If I let them go on about Alan Scarpio and whether or not he was actually Californiac, the winner of the sixth iteration of the game, we'd be here all night. Again.
I nodded in the direction of a blond curly-haired woman standing near the front door, and she turned out the lights.
Her name was Chloe. She was a good friend of mine. She worked for the Magician.
The arcade was the Magician's place.
It was an old speakeasy that had been converted into the arcade-slash-pizza joint back in the 1980s. The pizza oven had died more than a decade ago, so now it was just an arcade. Nobody understood how the Magician had been able to keep the place running through the rise of home-based and eventually handheld computer entertainment, but keep it running he did.
Walking into the arcade was like walking into another age.
The brick walls and exposed pipes in the ceiling clashed with the bright video screens and sharp 8-bit sounds of the arcade games, resulting in a strange yet perfectly comfortable blend of anachronisms.
Chloe called it eighties industrial.
The Magician was out of town on some kind of research trip, but he never came down for these things anyway.
He'd started letting a few of us use the place for meetings after the eighth iteration of the game. The Magician's arcade became a kind of de facto clubhouse, an informal gathering place for those of us who remained obsessed with the game long after most everyone else had checked out.
I pressed play on the reel-to-reel recording, and the voice of Dr. Abigail Prescott filled the room.
...The level of secrecy surrounding the game is concerning, as are the number of candidates...STATIC...it's chaos from the trailhead to the first marker, no algorithm can track its logic...CRACKLE... I've heard the underlying condition of the game described, metaphorically, as a kind of fluid, like the cytoplasm or protoplasm of a cell...STATIC...It had been dormant for a very long time when the first clue showed up in 1959. It was something in The Washington Post, a letter to the editor, and the lyrics of a song by the Everly Brothers that, when combined, provided the first indication that the game had returned. A student at Oxford put everything together and brought her professor into the thought matrix at Cambridge...CRACKLE...the name Rabbits was first used in reference to a graphic containing a rabbit on the wall of a laundromat in Seattle. Rabbits wasn't the name of that specific iteration of the game, just like it's not the name of this one...as far as any of us can tell, the games themselves—at least the games in this modern variation—don't actually have names. They're numbered by the community of players...STATIC...should be warned, we have reason to believe that the reports of both physical and mental jeopardy have been, in fact, underreported, and...STATIC.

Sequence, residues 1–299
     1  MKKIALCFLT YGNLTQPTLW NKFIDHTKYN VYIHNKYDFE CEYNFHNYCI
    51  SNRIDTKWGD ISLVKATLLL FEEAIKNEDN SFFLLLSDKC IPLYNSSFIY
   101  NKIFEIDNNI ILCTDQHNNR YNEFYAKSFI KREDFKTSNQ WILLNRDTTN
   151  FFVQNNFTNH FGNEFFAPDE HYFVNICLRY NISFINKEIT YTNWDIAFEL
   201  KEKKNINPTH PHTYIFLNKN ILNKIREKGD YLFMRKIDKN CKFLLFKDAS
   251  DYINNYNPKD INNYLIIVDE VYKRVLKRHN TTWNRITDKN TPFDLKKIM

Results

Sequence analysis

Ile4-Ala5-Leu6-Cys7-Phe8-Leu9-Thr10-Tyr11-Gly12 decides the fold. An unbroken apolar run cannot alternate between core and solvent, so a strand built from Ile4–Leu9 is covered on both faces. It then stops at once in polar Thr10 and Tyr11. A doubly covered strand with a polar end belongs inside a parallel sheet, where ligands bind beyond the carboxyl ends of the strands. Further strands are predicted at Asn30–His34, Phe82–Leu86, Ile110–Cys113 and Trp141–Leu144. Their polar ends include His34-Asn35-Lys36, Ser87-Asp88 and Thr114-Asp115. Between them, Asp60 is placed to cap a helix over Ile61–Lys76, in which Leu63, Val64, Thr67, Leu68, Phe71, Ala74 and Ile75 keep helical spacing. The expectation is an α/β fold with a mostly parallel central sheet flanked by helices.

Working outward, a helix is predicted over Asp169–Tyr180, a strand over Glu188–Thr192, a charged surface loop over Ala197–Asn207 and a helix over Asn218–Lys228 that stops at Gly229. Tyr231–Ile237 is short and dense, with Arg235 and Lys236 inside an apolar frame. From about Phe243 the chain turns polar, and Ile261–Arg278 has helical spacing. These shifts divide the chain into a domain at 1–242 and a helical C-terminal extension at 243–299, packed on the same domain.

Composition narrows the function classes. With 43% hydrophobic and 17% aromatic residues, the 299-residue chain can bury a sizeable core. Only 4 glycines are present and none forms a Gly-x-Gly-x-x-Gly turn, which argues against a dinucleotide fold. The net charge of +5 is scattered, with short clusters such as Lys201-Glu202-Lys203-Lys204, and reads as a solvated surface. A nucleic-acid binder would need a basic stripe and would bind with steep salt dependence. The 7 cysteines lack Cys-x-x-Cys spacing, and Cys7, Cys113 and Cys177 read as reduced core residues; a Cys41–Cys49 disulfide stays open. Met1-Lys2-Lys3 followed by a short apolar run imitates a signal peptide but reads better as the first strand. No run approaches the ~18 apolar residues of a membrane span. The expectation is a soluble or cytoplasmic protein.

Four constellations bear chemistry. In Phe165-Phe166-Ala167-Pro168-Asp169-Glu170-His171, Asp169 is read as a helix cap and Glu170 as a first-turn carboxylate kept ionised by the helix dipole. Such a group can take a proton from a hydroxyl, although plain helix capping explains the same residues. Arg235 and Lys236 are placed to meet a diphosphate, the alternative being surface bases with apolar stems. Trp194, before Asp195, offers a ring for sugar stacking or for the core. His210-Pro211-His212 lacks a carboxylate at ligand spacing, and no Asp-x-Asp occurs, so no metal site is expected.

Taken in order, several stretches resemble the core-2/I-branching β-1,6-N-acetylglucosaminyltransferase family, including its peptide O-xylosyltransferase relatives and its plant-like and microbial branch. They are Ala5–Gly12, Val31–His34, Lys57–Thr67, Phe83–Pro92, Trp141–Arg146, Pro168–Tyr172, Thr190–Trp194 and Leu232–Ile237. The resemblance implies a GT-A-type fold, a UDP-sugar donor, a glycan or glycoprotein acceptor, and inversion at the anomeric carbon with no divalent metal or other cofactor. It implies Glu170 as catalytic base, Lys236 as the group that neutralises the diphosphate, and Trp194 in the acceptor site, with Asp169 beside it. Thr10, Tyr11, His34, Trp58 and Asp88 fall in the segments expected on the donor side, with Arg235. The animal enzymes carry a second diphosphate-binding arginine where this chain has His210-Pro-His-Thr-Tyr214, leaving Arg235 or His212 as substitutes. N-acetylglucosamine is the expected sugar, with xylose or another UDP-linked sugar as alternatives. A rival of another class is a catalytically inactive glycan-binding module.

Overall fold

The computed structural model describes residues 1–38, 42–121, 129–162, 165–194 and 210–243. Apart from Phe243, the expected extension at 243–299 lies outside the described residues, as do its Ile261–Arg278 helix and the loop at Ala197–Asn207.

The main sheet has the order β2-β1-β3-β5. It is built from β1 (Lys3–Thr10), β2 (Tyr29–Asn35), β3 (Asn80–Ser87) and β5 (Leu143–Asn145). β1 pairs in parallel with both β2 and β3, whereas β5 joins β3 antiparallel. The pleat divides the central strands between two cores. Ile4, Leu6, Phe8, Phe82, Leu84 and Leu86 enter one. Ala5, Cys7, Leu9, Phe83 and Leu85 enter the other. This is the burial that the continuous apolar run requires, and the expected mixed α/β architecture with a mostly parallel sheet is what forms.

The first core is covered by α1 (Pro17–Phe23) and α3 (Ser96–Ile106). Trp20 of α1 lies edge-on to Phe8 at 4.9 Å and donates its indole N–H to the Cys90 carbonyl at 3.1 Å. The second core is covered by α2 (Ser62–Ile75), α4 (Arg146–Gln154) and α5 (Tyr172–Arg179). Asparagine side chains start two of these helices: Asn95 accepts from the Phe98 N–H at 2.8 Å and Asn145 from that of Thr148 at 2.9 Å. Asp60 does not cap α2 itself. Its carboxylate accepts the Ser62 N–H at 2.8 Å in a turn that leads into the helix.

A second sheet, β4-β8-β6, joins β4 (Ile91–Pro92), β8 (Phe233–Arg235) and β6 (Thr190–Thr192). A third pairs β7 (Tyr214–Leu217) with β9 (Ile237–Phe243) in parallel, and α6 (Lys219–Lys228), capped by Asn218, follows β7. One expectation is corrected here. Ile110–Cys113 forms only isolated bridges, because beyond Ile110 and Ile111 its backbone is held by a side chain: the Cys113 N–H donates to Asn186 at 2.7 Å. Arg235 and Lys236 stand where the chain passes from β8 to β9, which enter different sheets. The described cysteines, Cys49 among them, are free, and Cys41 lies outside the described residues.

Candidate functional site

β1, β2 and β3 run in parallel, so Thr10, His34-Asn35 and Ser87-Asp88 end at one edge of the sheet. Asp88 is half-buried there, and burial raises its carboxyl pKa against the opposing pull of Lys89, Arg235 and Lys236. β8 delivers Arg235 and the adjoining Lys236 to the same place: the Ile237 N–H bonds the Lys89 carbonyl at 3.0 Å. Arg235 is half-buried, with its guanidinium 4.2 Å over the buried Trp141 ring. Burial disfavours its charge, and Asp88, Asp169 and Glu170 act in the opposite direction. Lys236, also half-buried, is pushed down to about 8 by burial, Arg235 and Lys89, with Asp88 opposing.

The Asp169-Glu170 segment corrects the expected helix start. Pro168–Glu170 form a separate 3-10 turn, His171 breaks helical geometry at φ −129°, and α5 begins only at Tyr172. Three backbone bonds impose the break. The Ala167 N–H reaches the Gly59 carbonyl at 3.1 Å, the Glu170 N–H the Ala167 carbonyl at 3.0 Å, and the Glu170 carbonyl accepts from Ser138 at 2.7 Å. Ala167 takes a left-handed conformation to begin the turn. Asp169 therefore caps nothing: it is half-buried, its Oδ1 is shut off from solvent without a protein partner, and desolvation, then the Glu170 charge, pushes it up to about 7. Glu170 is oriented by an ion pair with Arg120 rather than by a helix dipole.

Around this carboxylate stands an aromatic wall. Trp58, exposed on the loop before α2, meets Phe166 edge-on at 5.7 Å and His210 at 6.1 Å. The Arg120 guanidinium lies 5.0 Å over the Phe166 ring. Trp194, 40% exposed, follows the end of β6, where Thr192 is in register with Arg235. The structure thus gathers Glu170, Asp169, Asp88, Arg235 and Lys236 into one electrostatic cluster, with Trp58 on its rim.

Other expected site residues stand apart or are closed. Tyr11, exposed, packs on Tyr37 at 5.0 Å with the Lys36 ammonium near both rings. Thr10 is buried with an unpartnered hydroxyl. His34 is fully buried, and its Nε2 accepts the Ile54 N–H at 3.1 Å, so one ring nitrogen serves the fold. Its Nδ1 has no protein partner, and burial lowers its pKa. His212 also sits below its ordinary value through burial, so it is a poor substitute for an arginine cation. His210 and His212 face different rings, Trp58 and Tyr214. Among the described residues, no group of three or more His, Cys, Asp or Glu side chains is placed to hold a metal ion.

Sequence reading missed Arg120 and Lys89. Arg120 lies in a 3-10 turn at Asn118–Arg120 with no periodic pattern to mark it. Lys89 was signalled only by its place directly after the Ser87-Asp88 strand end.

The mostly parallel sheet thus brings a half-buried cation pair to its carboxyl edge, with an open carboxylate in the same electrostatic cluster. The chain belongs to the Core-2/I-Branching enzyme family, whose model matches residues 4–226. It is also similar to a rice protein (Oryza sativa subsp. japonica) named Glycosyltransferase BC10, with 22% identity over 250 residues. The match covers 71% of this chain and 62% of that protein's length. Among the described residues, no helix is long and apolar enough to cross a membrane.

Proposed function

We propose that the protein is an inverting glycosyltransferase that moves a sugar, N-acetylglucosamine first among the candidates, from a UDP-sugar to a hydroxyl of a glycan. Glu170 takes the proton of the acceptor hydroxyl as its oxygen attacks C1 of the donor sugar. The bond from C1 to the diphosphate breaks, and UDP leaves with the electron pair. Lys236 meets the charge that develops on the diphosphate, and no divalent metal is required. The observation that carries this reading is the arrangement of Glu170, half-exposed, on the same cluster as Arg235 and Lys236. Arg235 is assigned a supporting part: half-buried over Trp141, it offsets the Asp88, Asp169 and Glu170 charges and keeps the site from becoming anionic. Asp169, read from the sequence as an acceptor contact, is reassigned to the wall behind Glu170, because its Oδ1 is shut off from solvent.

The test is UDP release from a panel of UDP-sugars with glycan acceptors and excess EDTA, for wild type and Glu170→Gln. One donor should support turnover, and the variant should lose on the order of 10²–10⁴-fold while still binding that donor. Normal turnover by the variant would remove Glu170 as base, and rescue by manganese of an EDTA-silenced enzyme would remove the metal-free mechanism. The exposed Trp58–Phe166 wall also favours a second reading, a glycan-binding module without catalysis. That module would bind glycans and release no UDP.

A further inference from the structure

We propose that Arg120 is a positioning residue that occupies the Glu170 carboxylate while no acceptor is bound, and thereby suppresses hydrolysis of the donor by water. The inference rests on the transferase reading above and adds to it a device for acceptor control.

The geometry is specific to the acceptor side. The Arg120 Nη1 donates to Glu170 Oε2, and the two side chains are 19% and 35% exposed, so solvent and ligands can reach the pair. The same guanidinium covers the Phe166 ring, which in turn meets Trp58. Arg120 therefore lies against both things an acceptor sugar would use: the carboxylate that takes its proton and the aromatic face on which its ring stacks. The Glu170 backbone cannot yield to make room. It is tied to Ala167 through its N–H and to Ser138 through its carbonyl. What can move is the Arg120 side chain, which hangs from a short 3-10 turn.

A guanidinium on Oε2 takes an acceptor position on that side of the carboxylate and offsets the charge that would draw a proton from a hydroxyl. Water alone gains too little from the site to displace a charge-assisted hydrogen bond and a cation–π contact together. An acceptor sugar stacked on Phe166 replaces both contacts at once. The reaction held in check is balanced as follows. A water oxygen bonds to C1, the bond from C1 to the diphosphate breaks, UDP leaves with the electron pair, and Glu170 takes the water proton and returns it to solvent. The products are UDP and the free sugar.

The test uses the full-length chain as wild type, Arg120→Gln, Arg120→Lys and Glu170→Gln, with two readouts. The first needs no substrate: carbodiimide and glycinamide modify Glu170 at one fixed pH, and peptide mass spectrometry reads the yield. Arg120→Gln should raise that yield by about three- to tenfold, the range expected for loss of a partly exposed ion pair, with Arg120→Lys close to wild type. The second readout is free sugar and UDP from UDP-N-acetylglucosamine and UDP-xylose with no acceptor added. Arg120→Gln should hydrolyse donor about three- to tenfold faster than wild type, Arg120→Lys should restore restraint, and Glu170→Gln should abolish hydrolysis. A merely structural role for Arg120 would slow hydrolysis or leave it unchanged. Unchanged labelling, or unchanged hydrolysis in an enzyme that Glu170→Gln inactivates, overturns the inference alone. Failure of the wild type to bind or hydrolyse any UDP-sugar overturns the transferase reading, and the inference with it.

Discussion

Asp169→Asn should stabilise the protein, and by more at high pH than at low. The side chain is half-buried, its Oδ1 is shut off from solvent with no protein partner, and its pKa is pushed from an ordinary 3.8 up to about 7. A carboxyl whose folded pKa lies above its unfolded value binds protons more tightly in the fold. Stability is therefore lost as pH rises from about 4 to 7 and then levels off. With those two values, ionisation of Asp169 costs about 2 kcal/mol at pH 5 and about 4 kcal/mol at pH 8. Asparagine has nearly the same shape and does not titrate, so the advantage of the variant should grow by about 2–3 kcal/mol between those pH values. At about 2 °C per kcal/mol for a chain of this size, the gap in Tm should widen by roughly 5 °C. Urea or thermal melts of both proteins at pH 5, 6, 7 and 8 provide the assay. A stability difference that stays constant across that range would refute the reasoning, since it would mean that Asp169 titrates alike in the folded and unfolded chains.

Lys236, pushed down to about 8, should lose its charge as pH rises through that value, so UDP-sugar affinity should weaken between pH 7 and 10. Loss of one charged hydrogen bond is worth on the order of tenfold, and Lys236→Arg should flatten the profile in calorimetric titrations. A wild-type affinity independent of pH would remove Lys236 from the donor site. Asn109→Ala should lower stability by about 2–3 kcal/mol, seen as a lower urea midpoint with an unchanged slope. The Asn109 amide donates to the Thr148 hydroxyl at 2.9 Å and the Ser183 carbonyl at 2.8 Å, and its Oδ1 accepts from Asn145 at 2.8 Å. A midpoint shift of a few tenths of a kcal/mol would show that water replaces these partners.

The following was allegedly written on the wall in that laundromat in Seattle in 1959, under the hand-scrawled title MANIFESTO, and above a hand-stamped graphic of a rabbit:
You play, you never tell.
Find the doors, portals, points, and wells.
The Wardens watch and guard us well.
You play and pray you never tell.
There it was. Rabbits. The reason they were here, looking for some new information, a clue, anything that might lead to evidence about the next numbered iteration: Eleven, or XI.
Had it started?
Was it about to start?
Had the tenth version really ended?
Had anybody seen The Circle?
I let the echo of Dr. Abigail Prescott's words hang there dramatically for a moment, and then I continued with the Q&A section of my presentation.